With Friends Like These
Entangled Nationalisms and the Canada-Quebec-France Triangle, 1944-1970
One of the most enduring images of Quebec’s Quiet Revolution is Charles de Gaulle proclaiming “Vive le Québec libre!” from the balcony of Montreal City Hall in 1967. The French president’s provocative act laid bare Canada’s unity crisis and has since dominated both anglophone and francophone interpretations of the Canada-Quebec-France triangle in the modern era.
With Friends like These demystifies this cri du balcon by shifting the focus from de Gaulle to the broader domestic and international forces at play. David Meren traces the evolution of Quebec’s special relationship with France after the Second World War and reveals that the resulting clash of nationalisms – French, Québécois, and Canadian – was fuelled not only by personalities and events but also by the efforts to respond to the power and influence of the United States in an increasingly interconnected world. More than just a herald of Quebec’s new place in French international policy, de Gaulle’s cri du balcon and its repercussions were the result of concerns on both sides of the Atlantic about the acceleration of a US-dominated globalization.
By seeking to understand, rather than simply condemn, aspects of Quebec, Gaullist, and Canadian nationalism, Meren casts doubt on established interpretations of events and exposes the complexity of a rising international interest in Canadian affairs.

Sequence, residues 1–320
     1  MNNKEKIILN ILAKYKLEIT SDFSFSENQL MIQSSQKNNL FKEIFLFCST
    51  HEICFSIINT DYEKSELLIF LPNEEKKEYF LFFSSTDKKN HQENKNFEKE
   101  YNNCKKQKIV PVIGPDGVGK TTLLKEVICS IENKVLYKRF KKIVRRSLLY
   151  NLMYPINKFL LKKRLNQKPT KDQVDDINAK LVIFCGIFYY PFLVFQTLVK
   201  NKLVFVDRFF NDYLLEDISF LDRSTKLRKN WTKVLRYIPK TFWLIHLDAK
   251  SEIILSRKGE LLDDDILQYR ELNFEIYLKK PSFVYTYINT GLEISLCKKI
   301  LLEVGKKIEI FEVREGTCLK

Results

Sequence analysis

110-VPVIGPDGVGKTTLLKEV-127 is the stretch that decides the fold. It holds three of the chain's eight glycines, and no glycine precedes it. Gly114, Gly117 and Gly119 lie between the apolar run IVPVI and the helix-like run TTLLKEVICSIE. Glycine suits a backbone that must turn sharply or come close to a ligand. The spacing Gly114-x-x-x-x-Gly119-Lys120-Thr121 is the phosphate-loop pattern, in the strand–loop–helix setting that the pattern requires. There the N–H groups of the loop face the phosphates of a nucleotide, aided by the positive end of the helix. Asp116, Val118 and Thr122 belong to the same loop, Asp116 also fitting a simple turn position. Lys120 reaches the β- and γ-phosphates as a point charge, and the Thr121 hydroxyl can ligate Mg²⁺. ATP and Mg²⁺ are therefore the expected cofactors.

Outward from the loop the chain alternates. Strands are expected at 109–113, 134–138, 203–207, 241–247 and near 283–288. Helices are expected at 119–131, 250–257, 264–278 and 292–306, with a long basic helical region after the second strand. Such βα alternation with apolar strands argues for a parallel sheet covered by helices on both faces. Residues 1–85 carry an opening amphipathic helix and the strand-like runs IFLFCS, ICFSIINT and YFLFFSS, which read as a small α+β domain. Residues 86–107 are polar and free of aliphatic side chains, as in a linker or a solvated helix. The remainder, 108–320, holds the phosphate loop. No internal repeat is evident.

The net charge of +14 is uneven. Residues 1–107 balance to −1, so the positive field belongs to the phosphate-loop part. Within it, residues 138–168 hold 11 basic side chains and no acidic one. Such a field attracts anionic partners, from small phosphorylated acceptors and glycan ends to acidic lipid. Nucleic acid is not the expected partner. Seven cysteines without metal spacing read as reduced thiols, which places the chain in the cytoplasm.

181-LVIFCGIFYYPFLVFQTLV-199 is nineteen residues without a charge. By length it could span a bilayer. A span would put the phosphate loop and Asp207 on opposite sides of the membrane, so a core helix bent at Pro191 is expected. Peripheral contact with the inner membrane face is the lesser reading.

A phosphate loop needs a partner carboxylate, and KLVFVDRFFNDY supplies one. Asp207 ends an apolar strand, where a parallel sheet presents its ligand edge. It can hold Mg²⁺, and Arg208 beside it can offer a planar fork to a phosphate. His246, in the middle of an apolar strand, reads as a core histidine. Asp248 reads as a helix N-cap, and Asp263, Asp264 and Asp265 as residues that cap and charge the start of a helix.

This book will appeal to scholars and all people deeply interested in the history of Canada, Quebec, and France, as well as the history of international relations.
With Friends Like These is the definitive history of the Canada-Quebec-France triangle. Drawing on extraordinary archival research, David Meren reveals how stunned Canadian politicians were by the depth of de Gaulle’s commitment to an independent Quebec and he explores the complex national interests at stake during this formative post-war period. Erudite and well-written, this book is an immeasurably valuable contribution to scholarship.
Analytically sophisticated and original in approach, With Friends Like These explores the complex triangular relations between France, Canada, and Quebec during the thirty years following the Second World War, and particularly the tensions following de Gaulle’s cri du balcon in 1967. David Meren argues that only when set against the prevailing international reality of foreign policy, economic relations, and cultural exchanges can greater insights be gained into the motives and interests that ruled the day. This exceptional work will forever change how we interpret a crucial period of French, Quebec, and Canadian history.
Introduction: In the Shadow of the General
Part 1 – Best of Times, Worst of Times: The Canada-Quebec-France Triangle, 1944-1960
1 Atlanticism in Common, Atlanticism in Question
2 Stagnation amid Growth, Growth amid Stagnation
3 “More necessary than ever”: The Evolution of Cultural Exchanges
Part 2 – The Clash of Nations: The Sources of Triangular Tensions
4 A "French" Fact: The Cultural Impetus
5 Vive le Québec libre? The Question of Independence
6 Atlanticism in Conflict: The Geopolitical Impetus
Part 3 – Le Déluge: Triangular Relations and Triangular Tensions, 1960-1970
7 Parisian pied-à-terre: The Emergence of Triangular Tensions
8 Crisis: From Montreal to Libreville
9 Missions Impossible? Triangular Economic Relations
10 Rivalry, Recrimination, and Renewal: Triangular Cultural Relations
11 Is Paris Turning? Enduring Triangular Relations
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